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Distinguished SOTW Member, Forum Contributor 2009
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Discussion Starter · #8 ·
Okay , I get it now. my bat pack could be used for several models of shure 98s. Mine has a thing on the left hand side and it has a + --- and _ so boost I guess. I ordered an LD M 94 to check out. If it sounds better I can live without the wireless aspect K
Keith, if this is the one you are talking about: http://www.shure.com/americas/products/microphones/beta/wb98hc-wireless-instrument-microphone , it plugs into several different body packs, and some may have 3 settings, some have a clock dial. Rule of thumb is that you dial in the supply voltage to the microphone and thereby you change the sensitivity. Different microphones will have different sensitivity ranges, so if you run a different microphone over the same body pack, you may have to change your dial/setting to adjust for it. In other words, your thinking is correct in that the middle setting may be considered the base line, and then you can boost the signal or you can decrease it. It should have little impact on the frequency response of the microphone but the lower frequencies of your horn may have more energy and that's why you may perceive the low setting as darker.
 

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SOTW Columnist/ Forum Contributor 2014, Disti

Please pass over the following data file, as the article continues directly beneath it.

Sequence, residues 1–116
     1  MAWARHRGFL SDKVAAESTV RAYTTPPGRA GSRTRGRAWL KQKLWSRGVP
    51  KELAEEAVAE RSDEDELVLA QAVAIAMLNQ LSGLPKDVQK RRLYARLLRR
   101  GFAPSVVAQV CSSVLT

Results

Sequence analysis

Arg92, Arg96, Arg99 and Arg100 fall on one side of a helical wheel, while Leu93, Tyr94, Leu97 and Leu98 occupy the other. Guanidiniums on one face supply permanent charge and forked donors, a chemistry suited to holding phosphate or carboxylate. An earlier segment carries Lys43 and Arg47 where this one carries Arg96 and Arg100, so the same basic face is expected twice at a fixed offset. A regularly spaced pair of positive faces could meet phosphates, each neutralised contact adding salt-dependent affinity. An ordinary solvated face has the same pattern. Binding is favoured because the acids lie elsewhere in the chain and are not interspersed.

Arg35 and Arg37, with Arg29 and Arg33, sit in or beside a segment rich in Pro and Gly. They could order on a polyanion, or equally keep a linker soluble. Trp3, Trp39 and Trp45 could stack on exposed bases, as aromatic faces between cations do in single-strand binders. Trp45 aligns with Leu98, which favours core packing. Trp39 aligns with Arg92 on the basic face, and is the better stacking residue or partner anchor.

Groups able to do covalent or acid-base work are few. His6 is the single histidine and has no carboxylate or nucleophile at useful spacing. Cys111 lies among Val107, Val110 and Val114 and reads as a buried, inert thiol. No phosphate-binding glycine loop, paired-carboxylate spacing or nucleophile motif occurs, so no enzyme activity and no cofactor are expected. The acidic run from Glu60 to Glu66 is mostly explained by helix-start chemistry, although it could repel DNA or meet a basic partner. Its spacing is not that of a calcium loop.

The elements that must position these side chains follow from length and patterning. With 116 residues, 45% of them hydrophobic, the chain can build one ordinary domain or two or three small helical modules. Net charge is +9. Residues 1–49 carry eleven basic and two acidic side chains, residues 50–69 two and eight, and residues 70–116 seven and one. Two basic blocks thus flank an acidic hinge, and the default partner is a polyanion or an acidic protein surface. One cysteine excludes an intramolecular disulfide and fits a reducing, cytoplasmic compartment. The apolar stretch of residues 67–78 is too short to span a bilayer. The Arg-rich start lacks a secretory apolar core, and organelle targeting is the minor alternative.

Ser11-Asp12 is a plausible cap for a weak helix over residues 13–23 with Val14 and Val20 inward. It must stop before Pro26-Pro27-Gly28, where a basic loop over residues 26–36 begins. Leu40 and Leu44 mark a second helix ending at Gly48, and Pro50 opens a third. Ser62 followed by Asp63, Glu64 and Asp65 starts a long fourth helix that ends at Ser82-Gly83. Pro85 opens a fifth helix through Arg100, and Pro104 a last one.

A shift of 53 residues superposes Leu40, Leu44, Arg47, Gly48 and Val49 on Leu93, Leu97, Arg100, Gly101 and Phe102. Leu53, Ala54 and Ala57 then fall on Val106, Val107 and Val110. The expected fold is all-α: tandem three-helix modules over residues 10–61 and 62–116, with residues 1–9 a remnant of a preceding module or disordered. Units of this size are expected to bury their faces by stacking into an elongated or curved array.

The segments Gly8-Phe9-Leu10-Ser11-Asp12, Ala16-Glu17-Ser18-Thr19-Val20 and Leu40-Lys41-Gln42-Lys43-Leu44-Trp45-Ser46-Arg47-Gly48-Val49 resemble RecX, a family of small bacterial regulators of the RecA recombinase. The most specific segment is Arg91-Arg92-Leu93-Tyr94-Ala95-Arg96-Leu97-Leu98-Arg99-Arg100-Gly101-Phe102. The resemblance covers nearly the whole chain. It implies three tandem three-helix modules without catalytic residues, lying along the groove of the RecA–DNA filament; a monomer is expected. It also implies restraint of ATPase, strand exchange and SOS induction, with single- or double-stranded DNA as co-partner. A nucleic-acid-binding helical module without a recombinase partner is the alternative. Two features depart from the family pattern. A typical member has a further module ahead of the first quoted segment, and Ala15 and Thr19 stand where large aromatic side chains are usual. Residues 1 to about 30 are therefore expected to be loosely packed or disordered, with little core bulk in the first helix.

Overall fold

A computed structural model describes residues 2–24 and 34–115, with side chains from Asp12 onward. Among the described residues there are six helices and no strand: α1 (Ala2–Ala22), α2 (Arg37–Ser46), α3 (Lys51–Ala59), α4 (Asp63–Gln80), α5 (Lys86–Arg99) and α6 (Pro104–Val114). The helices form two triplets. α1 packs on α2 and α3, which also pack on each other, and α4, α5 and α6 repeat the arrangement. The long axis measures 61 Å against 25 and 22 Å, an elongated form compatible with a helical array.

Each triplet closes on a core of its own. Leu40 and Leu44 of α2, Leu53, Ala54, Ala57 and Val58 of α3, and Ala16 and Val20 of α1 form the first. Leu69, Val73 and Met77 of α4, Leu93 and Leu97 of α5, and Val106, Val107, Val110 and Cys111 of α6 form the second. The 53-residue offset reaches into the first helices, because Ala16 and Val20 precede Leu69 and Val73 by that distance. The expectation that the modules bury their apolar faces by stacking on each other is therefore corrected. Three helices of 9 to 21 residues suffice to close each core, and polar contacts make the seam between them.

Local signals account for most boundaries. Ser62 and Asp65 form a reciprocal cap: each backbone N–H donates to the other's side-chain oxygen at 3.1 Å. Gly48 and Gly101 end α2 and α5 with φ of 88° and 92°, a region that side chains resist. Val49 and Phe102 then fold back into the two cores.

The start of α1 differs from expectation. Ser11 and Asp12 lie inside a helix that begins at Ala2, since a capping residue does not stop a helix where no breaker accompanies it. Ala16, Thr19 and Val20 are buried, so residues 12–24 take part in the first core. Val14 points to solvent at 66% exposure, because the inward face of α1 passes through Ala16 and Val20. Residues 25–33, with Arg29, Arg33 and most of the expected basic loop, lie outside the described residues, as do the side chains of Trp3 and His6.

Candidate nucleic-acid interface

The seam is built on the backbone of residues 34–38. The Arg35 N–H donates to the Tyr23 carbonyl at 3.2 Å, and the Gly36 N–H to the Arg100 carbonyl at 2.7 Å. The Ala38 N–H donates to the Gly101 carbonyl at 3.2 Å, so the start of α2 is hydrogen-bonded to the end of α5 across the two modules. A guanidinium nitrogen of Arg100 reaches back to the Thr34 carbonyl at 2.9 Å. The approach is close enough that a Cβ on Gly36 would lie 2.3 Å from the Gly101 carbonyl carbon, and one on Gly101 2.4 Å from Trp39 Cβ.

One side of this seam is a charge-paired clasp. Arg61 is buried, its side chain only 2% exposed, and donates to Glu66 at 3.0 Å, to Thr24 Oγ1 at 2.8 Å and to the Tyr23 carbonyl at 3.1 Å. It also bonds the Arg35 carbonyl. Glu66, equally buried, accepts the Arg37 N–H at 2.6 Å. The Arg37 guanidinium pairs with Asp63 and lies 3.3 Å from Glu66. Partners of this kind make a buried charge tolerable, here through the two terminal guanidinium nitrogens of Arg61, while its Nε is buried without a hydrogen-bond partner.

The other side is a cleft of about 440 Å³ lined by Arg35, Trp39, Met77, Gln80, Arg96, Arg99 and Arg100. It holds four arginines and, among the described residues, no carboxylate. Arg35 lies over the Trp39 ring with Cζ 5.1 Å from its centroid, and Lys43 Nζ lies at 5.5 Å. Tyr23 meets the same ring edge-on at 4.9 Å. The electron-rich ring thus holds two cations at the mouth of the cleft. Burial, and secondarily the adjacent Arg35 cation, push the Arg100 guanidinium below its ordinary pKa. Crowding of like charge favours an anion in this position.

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Hey Keith, I noticed that you state On the battery part of the mic you have three gain settings. I have an old system with only 1 gain knob on the side of the BP so my suggestions may not apply.

You might want to contact Shure. They are very helpful. I remember calling them in the early years and the rep said that it is a trial and error situation on adjusting the gain on the bodypack and the board (mixer) to set the volume and EQ. It is a balancing act but once it is set you will be good to go as long as you use that same mixer and mixer gain setting.

As Shure indicated, each sax and each sax player will have some different adjustments due to the ranges of the horns (alto/teonr/bari/soprano) and the players style (loud/laid back) so I bought two bodypacks and two mics. One unit for each horn. I walked away from the PA and adjusted the volume on both alto and tenor BP to get the correct balance on each horn and keep the same BP and mic on that sax.

The reason that I asked about the PA speakers is that they can also determine (to a degree) your sound/tone as in 10", 12" or 15".
 

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Distinguished SOTW Member, Forum Contributor 2017
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Yes they are bright...They are good mics though. Robust and clean.

Send the hottest signal you can (without distortion / clipping) to the FOH and let them compensate with EQ at the board....OR.... Use a stage monitoring system that has EQ (Such as a keyboard amp) and EQ prior to your line out to the FOH.